Anyone who drives rural roads knows that cover crop acreage is increasing. In most counties it’s not difficult to find fields with annual ryegrass, cereal rye or forage radishes growing after harvest, and again in the spring before planting. Many farmers understand cover crops make sense, even if they can’t explain exactly how they help.
Researchers like Eileen Kladivko in the Purdue University Agronomy Department answer that "how" question using scientific techniques. She does various types of testing, including harvesting biomass from cover crop plots by cutting it off in the spring, even if it means doing it with a scissors. Kladivko collects material off each small plot, dries it in special ovens and then measures dry weights. She also does other tests to determine how cover crops are affecting nutrient levels available to crops during various parts of the season.
Kraig Bowers, agriculture instructor and FFA advisor at Fairfield High School, doesn’t pretend to be a researcher. And even though he just moved into a new ag teaching facility with lots of lab equipment, he doesn’t have everything students need to perform truly scientific research.
“We don’t have the equipment to dry forage samples after we collect them, for example,” Bowers says. “So we let them lie on lab benches and dry. What we’re doing is closer to demonstrations than actual research, but it gets kids in the field, and they are learning techniques.”
In the field
Fairfield High School established cover crop plots for the first time in the fall of 2015. Students took various types of measurements in the spring of 2016. Many are similar to the measurements researchers take to answer questions about how and why cover crops help improve soil health. Bowers hopes to continue the project into the future.
Here are nine things students are checking in cover crop plots.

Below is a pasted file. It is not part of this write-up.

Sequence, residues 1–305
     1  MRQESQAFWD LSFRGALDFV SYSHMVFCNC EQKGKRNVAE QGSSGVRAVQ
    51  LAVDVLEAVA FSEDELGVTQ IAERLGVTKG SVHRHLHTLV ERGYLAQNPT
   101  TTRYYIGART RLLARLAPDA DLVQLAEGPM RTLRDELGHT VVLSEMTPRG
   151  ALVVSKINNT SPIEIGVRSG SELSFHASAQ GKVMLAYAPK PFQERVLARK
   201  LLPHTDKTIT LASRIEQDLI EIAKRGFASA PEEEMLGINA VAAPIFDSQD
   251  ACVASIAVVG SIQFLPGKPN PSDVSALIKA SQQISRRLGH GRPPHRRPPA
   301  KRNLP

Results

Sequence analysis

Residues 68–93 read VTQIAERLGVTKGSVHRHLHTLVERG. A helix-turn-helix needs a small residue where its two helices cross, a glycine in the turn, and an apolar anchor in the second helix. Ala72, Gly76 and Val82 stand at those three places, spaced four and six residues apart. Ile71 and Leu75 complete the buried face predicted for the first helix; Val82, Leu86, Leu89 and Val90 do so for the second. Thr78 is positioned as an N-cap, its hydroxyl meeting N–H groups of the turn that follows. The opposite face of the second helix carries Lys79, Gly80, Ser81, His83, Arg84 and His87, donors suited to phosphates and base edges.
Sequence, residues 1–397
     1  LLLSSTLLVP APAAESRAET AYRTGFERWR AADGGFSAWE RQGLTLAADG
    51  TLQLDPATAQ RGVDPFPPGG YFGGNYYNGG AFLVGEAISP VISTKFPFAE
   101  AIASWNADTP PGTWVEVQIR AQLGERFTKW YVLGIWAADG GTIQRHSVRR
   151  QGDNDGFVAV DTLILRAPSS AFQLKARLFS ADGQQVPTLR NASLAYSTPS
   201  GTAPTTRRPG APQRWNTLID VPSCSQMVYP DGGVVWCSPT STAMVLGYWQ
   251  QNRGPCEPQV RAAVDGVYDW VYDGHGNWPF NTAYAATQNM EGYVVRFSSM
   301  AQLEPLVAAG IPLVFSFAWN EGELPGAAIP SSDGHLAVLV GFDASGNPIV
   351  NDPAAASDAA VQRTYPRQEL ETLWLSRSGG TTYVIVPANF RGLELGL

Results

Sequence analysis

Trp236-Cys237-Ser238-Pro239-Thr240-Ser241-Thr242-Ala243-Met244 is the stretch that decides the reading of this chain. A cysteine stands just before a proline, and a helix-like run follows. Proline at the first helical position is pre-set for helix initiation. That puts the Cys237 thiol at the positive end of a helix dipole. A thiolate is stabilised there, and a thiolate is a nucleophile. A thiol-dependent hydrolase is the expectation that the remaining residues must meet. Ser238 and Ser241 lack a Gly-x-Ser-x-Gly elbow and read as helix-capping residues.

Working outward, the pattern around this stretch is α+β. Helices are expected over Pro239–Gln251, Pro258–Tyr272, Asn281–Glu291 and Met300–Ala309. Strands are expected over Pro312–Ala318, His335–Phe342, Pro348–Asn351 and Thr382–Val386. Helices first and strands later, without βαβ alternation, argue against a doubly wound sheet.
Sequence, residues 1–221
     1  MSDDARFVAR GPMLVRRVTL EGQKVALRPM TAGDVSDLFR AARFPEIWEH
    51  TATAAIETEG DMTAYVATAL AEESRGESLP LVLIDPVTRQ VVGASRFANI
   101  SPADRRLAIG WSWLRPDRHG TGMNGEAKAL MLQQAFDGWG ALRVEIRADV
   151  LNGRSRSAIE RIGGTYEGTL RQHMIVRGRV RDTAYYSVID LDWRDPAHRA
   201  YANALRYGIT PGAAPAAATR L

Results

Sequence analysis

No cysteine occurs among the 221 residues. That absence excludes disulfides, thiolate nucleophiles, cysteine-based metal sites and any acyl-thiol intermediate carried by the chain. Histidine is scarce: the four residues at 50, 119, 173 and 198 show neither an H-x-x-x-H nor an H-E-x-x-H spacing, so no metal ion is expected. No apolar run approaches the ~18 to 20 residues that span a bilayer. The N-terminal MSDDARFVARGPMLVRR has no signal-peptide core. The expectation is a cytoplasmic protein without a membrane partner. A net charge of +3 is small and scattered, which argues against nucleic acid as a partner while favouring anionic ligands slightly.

1. Soil fertility. Students learn how to do basic soil testing, and to do it at a consistent time — either fall or spring. Samples are sent to a commercial lab.
2. Soil organic matter. The same 8-inch plugs used to test for phosphorus and potassium can deliver results on organic matter. Baseline levels and levels over time will be monitored.
3. Water infiltration. Students use metal cylinders and pond water to see how fast the water goes into the soil. This is one of Kladivko’s favorite demonstrations.
4. Soil tilth, or aggregation. Natural Resources Conservation Service staff help students do a slake test to determine if microorganisms are secreting materials that help hold soils together in different amounts on different plots.
5. Yield. Measuring and recording crop yield after various cover crops is part of the effort.
6. Biomass growth. Students cut what’s growing in 0.5 square meter, dry it and weight it.
7. Soil temperature. Soil temperatures in various plots are monitored with a thermometer each spring before planting.
8. Soil moisture. This involves pulling samples, weighing, drying and reweighing soil to get moisture content.
9. Soil erosion. A metal frame and watering can help students see how much soil comes off. They also weigh it.